Much like the whole Campagne range, their Syrah is infinitely drinkable and an excellent example as to why the Languedoc region in France is considered a centre of excellence for the Syrah grape, where it has been officially approved as an ‘improving variety’. Made in a New World style, the wine endures a long maceration period in order to extract all the beautiful colour and luscious fruit, while ensuring there is not too much tannin. The deep purple wine is rich, juicy and with a soft, spicy palate.

 
Did you know

DNA profiling analysis in 1998 established that Syrah was the offspring of two obscure grapes from south-eastern France, Dureza and Mondeuse Blanche.
Syrah is the 7th most grown grape in the world.

Syrah/Shiraz also by other, lesser-known synonyms such as Balsamina, Candive, Hignin Noir, Marsanne Noir, Sirac, Syra, and Sereine.


What food to eat with Syrah/Shiraz

Syrah/Shiraz wines are very versatile in terms of matching with food and this is perhaps testament to this grape’s varied global facades. The spicier and more concentrated Syrah wines from northern Rhône are a decent match for most gamey meats such as grouse or guinea fowl due to the smoky palate. Full-bodied Australian Shiraz is slightly sweeter with riper fruit flavours that marry well with barbequed meats such as lamb, beef, or spicy sausages, but it’s generally too heavy for fish and seafood dishes unless accompanied by tomato based sauces such as lobster fra diavolo for the aspirational! American Syrahs tend to be similar in style to the Australian model and therefore barbecued foods, lamb chops, venison and gamey meats tend to work well.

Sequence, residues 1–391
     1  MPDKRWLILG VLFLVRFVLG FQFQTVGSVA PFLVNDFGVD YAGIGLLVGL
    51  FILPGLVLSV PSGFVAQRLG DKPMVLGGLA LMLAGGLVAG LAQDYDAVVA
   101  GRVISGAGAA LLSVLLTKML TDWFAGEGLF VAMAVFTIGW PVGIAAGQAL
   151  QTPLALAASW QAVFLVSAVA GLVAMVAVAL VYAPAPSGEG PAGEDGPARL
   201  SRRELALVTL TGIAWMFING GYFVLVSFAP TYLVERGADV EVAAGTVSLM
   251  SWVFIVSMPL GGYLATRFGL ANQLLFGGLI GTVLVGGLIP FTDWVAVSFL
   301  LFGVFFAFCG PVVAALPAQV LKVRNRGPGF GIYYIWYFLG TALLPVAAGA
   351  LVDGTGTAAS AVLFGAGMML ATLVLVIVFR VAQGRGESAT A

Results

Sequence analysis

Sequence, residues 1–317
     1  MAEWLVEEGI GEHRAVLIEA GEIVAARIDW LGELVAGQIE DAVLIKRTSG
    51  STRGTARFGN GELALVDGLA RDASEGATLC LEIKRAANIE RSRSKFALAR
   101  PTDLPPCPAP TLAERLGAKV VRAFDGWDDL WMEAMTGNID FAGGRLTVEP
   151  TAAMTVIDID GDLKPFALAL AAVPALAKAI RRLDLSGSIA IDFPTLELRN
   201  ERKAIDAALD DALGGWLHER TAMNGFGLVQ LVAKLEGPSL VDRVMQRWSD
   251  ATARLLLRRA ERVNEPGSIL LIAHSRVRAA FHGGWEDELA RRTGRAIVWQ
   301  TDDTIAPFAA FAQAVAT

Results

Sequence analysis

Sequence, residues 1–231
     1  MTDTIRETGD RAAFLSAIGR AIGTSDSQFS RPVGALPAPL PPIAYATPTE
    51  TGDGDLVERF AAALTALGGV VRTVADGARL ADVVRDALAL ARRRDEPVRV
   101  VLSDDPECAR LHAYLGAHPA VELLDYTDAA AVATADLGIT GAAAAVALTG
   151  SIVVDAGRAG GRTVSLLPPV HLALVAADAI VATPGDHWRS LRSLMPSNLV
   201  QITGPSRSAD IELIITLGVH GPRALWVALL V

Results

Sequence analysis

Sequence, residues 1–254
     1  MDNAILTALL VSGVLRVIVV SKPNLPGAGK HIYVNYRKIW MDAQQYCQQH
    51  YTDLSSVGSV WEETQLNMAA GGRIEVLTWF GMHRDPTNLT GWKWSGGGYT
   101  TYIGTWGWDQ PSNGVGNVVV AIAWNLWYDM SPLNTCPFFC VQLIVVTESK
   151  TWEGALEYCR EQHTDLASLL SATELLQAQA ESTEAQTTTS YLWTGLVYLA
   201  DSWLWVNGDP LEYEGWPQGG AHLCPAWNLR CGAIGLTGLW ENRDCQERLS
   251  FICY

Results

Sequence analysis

Perfect Syrah/Shiraz food match

Robert Mondavi Woodbridge Shiraz, California 2009 and grilled hamburgers

Fondly remembered as the "Father of Californian Winemaking", Robert Mondavi certainly did more than most to raise the profile of America as a source of top quality wine, and the Robert Mondavi Woodbridge Shiraz, California 2009 is lovely example of their lasting legacy. To ripen fully Syrah/Shiraz demands a warmer climate and the Napa Valley in California naturally lends itself to this late budding grape. This shiraz bursts with layers of black cherry, blueberry and plum, with nuances of dark chocolate and crushed spice on a velvety finish having been barrel aged for a short period in American oak; the blend includes about 7% of other varieties such as Cabernet and the white grape Viognier, occasionally mixed with Syrah in the Rhône Valley, to increase the wines complexity. The resulting wine is a perfect food match, but like most Syrah/Shiraz wines you will need a suitably powerful culinary marriage so not to be overpowered, as a result this is actually a lovely wine to pair with cheese. Why not couple this wine with some typically American, hearty, grilled hamburgers.
 
Main image by David McSpadden 
 

Written by: Ben Moss

Ben Moss